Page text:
You’ll have to forgive this first quote post as I’m thinking of a quote that I cannot verify. However, it has always helped me and it seems more ethical to share than to withhold.
A writing professor of mine in undergrad once shared something he heard from, I believe, Scott Russell Sanders (an American novelist). Sanders was a panelist at a conference, and a member of the audience asked him a question, saying, “Mr. Sanders, you have written many things. Do you ever get writer’s block, and if so, what’s your secret to getting around it?”
And in response to this, Sanders, allegedly, said:
Writer’s Block? Do truckers get trucker’s block? No. I just get up every morning and get to work.
Now this can sound a little condescending to all of us who struggle to come up with ideas. But I don’t think he meant it like that. For him to be so flippant toward a notion of writer’s block has nothing to do with his privileged connection to the muses, and everything to do with our notion of what writing is.
Writing is not just you sitting around in front of a word document, drinking coffee after coffee until you think of a good idea, and then writing it and–poof–you’re ready to be published. Writing is not so linear or isolated, in fact, writing is recursive and social.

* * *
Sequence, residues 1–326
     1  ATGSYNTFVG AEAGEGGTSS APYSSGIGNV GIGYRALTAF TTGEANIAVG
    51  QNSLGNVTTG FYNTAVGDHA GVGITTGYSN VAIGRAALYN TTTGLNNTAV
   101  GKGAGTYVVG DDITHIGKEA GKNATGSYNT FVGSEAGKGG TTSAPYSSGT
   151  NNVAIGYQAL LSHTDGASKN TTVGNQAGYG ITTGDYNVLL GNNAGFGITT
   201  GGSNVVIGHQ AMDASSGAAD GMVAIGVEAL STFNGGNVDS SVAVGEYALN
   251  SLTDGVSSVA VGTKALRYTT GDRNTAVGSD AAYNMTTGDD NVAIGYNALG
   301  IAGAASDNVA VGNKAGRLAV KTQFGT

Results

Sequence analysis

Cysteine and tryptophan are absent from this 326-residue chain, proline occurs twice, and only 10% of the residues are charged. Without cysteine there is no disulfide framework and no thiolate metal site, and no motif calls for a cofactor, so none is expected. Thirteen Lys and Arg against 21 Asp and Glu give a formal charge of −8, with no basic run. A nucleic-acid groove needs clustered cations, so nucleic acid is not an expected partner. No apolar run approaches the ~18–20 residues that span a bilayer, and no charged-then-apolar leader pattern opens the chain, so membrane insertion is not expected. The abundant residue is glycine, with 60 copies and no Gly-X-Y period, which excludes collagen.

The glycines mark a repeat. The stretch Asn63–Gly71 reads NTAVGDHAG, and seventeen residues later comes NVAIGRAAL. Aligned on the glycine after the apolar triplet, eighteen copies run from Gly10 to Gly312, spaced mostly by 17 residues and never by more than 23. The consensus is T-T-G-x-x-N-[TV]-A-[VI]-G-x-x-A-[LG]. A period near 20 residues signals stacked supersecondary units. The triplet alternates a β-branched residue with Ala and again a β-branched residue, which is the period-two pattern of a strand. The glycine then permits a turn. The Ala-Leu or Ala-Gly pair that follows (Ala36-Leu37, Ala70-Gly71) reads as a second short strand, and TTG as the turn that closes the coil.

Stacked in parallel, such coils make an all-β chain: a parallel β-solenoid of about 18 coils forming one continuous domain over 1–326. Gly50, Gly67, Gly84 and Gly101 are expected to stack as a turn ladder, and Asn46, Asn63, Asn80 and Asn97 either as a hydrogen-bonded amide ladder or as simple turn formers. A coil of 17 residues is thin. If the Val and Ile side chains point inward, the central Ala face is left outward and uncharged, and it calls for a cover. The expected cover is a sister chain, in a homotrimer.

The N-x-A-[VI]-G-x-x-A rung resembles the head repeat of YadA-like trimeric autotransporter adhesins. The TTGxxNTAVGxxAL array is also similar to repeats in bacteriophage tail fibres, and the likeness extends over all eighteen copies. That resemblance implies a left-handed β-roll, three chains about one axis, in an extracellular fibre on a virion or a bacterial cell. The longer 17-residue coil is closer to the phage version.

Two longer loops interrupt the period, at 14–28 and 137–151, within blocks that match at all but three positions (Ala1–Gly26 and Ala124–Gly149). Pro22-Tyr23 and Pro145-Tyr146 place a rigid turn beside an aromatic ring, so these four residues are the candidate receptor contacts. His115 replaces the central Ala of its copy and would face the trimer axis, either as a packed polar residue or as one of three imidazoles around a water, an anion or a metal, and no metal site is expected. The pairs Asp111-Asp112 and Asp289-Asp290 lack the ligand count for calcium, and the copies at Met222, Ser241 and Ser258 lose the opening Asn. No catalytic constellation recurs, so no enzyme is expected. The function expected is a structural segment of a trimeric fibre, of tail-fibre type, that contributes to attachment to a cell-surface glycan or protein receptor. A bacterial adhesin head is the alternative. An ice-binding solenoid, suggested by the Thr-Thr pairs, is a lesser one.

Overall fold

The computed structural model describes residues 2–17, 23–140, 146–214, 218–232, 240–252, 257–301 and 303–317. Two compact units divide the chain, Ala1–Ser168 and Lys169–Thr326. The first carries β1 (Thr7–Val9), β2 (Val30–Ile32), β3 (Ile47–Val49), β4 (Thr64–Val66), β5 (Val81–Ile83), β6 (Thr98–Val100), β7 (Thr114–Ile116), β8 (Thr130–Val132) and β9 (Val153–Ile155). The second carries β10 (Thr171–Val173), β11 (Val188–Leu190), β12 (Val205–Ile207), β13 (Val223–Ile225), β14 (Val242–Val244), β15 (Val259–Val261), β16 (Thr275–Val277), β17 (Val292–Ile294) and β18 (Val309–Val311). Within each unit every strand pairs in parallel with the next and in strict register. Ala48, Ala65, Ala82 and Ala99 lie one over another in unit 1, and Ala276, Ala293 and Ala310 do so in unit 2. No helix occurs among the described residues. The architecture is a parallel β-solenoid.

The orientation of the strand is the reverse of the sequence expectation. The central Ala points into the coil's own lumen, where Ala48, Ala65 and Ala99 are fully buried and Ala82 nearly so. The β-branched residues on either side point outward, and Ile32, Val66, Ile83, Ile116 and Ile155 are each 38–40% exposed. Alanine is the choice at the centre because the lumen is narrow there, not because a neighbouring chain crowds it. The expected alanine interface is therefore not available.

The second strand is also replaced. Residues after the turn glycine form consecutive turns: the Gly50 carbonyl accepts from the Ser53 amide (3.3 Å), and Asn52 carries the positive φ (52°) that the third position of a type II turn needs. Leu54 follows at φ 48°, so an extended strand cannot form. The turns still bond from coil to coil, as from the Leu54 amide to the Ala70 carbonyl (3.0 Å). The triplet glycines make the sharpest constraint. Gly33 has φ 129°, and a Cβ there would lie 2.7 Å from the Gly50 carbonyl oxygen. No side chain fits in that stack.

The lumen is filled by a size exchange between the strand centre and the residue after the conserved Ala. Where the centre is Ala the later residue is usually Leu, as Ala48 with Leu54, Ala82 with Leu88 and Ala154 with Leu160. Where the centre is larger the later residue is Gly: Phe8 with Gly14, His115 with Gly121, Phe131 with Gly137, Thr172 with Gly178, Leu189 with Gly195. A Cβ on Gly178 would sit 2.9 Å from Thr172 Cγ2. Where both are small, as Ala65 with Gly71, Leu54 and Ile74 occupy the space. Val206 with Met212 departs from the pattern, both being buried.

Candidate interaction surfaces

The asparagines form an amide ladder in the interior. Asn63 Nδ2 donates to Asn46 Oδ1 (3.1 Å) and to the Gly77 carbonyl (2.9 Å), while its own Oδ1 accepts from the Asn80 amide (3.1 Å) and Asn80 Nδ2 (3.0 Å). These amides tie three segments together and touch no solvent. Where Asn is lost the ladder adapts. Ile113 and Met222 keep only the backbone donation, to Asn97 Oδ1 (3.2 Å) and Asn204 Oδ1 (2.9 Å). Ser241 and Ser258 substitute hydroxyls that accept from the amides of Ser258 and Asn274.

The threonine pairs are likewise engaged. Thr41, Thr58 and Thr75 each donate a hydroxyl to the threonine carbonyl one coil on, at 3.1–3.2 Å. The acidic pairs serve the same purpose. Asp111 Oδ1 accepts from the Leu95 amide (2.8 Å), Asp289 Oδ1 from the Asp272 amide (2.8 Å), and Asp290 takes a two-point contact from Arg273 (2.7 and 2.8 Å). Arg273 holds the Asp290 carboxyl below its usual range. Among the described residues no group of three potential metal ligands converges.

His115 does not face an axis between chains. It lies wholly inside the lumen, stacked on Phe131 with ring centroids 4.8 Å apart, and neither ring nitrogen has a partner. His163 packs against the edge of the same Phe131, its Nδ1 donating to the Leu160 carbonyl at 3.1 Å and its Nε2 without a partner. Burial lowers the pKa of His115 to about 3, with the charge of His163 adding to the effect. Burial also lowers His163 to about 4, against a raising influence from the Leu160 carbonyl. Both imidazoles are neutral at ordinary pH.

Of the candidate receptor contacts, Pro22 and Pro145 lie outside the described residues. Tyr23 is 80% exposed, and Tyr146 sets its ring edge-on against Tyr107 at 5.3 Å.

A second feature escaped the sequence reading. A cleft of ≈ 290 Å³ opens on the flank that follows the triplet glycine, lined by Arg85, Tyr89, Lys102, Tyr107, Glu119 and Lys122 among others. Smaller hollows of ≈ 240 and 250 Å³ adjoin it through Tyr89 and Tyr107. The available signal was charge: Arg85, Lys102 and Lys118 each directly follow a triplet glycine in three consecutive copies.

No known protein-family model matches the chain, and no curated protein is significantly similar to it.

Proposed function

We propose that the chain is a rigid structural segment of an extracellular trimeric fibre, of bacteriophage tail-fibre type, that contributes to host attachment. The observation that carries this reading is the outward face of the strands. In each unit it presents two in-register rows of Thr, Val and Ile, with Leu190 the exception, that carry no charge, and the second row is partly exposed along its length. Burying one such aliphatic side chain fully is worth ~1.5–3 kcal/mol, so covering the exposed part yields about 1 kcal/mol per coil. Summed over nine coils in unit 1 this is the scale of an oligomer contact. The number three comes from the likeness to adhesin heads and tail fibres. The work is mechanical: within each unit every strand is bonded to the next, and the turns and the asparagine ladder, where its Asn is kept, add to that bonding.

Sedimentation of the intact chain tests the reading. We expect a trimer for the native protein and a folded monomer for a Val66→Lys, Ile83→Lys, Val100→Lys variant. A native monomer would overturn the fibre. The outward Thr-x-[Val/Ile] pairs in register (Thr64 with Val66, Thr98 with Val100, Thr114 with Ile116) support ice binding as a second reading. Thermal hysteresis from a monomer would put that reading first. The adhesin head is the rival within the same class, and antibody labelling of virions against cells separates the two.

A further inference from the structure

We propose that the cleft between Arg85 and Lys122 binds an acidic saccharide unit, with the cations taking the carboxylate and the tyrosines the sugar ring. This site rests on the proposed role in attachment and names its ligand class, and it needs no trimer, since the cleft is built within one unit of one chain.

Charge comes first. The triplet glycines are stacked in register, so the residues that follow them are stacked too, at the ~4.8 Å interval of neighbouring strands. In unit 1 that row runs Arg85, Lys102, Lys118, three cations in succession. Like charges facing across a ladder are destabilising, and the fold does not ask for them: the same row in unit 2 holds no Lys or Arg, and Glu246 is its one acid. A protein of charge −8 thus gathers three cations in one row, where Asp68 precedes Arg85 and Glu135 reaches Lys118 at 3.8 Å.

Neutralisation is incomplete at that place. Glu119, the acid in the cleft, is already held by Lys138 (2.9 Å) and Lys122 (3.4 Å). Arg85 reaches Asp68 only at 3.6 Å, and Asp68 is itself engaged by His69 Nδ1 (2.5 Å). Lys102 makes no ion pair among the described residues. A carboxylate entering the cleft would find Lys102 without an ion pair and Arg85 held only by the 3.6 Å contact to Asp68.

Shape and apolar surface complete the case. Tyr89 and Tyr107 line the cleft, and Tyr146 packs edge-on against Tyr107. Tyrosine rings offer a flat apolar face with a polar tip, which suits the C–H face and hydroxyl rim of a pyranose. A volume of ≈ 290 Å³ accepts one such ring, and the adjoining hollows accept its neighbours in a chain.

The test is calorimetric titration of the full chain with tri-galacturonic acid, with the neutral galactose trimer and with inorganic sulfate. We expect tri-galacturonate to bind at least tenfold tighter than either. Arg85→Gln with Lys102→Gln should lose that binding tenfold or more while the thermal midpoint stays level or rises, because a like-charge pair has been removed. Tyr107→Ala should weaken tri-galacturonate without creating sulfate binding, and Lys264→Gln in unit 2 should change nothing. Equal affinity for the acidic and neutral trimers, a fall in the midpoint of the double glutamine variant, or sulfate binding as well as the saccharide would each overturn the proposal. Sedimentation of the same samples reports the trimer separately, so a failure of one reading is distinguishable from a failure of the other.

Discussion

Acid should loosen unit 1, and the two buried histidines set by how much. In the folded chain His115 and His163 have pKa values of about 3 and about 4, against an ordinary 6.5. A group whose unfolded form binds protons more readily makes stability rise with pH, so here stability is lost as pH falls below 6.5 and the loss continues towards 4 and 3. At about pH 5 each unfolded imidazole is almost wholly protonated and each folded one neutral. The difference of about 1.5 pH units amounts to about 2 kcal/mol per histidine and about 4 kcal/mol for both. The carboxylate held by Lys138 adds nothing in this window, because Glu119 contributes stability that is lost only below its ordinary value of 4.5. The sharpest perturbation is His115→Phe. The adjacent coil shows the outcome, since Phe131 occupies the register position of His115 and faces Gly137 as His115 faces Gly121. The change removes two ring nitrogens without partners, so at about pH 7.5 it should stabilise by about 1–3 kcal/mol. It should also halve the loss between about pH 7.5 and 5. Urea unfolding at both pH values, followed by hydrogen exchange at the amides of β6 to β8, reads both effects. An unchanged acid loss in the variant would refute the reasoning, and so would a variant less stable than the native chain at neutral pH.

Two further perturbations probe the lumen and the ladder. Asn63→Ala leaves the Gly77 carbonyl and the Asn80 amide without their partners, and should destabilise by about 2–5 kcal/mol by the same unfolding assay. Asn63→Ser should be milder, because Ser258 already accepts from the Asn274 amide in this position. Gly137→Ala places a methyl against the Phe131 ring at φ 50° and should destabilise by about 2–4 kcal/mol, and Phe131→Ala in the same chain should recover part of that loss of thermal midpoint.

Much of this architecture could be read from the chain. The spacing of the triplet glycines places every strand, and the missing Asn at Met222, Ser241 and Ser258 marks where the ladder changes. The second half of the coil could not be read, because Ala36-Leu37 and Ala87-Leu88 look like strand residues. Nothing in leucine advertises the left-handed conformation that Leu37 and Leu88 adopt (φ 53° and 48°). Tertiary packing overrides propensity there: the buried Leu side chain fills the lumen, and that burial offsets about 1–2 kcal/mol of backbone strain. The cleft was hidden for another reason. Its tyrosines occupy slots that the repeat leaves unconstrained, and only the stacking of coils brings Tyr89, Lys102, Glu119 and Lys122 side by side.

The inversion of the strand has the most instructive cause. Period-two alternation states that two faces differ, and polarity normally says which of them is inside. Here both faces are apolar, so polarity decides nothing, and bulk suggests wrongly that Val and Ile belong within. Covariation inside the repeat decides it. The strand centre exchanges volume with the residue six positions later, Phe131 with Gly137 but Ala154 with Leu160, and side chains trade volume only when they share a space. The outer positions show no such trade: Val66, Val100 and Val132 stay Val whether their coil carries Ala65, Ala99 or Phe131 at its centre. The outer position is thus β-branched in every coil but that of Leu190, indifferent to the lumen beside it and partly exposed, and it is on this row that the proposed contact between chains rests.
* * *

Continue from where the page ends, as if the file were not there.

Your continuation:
Even if you can’t think of something to write, there is always something you can do to improve your writing. You can edit what you already have, you can re-write past work to kick start new work, you can read a book, copy favorite quotes, analyze how the text works, and read your writing out loud.
One thing I have found particularly helpful in the fight against writer’s block, particular for those working on longer projects, is this: Never stop writing at the end of a chapter or at the end of a section.
I always write the first sentence or paragraph of the next section, even if I don’t end up keeping it, just to help me hit the ground running when I pick writing back up again.